One of the most important aspects of buying real estate is making sure you know what you are getting into. Getting a property under contract is only the first step. Usually financing is involved and your lender has many requirements that must be met before you absolutely get approved for your loan. It’s just a part. Usually, when you get a property under contract, you’ve just judged the book by its cover; you haven’t really read the book yet. For several years now, there has been a way to consult the book before making a purchase. Real estate transactions often involve what are called call options. Whenever you have an option in a contract, it basically means that you have purchased the right to terminate the contract. For example, there is a “Lease with option to purchase”. In this scenario, the buyer has the right to lease the property and has paid the seller an option fee that applies to the purchase price if they make the purchase on a predetermined date. However, if he chooses not to close the sale, the seller keeps the option money. Option-to-purchase leases can include purchase options of several thousand dollars.
Now let’s talk about what is called a “termination option”. Nowadays, when a buyer gets a property under contract, they will pay the seller a nominal (insignificant) sum of money for the right to terminate the contract for any reason, for a certain number of days that the buyer and seller agree to. This number of days generally varies between 10 and 30 days. A face amount can range from ten to one hundred dollars. The number of days and the amount of money must be agreed by the buyer and the seller. The essential purpose of the opt-out period is to give the buyer time to thoroughly examine the property, such as performing a whole house inspection. A buyer could even terminate the contract on a whim and the seller would keep the option fees but the buyer would get their deposit back. The money earned can range from several hundred to several thousand dollars. Also keep in mind that when a buyer enters into a contract to purchase the property, they will usually agree to buy it in its current state “as is”.
Let’s say I entered into a contract to buy a house and hire a state licensed inspector to inspect the house. As the inspector inspects the property, he finally has the opportunity to check the central heating and air. Inspection reveals that the system is not functioning properly and probably needs to be replaced. With this information in hand, I ask my agent to tell the seller’s agent that I want the seller to install a new system or lower the price of the property so that I can afford a new HVAC unit. The seller can say “No, you have agreed to buy the property in its ‘as is’ condition and I will not make any concessions. What will be my answer? “Yes, I have agreed to purchase the property in its ‘as is’ condition, but I am also terminating the contract under the terms of the termination option I paid for. The seller keeps the $ 75 option fee I paid and I get my $ 1,000 deposit back.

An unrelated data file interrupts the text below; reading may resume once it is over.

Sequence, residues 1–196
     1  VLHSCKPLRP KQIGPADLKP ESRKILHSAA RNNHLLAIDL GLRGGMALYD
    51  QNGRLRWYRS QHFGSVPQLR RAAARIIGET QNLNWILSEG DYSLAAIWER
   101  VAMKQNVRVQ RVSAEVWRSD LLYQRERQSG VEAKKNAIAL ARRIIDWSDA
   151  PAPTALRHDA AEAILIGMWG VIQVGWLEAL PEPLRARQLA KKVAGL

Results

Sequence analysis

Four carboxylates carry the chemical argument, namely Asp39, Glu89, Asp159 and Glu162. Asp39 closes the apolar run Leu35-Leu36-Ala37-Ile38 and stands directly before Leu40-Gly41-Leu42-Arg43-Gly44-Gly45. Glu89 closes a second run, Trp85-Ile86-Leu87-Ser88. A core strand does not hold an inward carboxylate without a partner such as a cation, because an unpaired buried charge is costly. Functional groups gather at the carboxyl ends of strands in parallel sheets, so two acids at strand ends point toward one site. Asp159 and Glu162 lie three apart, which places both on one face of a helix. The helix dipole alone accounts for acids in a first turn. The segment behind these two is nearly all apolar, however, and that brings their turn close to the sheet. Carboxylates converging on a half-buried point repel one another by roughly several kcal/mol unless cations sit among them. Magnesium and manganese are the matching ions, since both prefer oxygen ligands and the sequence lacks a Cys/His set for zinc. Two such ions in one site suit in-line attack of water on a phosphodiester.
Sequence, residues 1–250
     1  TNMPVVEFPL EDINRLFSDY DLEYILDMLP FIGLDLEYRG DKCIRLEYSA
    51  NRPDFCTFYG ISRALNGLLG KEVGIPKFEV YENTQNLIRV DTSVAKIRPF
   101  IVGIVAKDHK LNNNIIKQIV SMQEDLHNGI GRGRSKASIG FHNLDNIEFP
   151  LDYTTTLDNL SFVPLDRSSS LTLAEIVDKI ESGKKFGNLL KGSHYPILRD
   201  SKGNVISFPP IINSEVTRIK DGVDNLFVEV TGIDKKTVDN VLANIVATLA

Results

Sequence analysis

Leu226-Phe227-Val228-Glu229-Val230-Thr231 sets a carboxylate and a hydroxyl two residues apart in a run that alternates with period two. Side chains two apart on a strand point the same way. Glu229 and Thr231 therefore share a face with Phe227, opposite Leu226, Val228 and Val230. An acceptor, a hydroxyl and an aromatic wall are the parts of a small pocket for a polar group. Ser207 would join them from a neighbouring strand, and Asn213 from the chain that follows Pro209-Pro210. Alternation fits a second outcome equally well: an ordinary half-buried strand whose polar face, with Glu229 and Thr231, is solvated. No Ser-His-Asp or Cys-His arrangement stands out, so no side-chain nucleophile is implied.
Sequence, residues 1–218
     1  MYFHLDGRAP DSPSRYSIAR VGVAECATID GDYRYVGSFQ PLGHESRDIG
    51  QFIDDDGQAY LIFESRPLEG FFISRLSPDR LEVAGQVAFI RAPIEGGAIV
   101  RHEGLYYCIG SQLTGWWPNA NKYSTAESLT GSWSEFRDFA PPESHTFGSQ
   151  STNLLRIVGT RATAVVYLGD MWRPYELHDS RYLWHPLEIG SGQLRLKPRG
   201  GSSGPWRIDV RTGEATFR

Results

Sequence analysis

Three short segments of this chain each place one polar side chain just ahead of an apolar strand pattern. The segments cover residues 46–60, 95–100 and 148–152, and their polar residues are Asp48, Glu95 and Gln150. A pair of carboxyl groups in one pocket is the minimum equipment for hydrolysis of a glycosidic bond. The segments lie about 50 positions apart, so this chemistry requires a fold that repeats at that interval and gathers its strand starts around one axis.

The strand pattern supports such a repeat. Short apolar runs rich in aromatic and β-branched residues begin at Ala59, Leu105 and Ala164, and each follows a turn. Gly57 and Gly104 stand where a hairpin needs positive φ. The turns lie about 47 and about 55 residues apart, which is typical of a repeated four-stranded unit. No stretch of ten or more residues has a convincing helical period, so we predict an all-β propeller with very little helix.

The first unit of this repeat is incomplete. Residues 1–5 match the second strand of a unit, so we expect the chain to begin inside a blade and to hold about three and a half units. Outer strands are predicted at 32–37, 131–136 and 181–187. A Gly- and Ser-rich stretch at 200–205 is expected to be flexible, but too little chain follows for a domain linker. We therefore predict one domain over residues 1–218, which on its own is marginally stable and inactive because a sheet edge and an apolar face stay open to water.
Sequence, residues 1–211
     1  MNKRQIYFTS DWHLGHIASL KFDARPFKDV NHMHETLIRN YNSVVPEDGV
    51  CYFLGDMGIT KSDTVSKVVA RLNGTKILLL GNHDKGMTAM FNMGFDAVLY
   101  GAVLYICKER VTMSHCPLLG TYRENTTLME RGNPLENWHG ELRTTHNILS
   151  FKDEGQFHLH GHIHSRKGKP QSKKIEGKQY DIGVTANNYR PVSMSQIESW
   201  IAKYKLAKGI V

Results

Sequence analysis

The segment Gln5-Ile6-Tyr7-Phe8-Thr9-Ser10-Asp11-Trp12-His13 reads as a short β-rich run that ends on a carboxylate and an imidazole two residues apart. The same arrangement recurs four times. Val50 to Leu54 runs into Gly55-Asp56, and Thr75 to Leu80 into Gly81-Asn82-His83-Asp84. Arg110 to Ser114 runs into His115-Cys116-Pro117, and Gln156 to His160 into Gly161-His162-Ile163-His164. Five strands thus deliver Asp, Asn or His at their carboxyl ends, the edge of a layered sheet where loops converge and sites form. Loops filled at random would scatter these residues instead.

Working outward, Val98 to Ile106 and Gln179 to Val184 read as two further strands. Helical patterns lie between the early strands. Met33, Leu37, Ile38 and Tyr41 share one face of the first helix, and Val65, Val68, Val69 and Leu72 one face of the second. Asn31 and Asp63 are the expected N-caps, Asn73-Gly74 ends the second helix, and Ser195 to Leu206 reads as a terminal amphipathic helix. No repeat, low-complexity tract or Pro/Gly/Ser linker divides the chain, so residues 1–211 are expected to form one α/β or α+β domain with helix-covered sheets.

If that’s what the seller decided to do, they’ve probably made a big mistake. Why? Because he now has to disclose to any potential buyer that the HVAC is defective. If he doesn’t, he is breaking the deceptive marketing practices law, which can be triple the damages when the seller knew or should have known about the problem.
Whenever you get a property under contract, be sure to pay a termination option fee for your best protection. If the seller does not agree with the termination option, it should set off a red flag and you should back out of the deal.
Mike McEwen is a real estate broker with 32 years of experience in the field.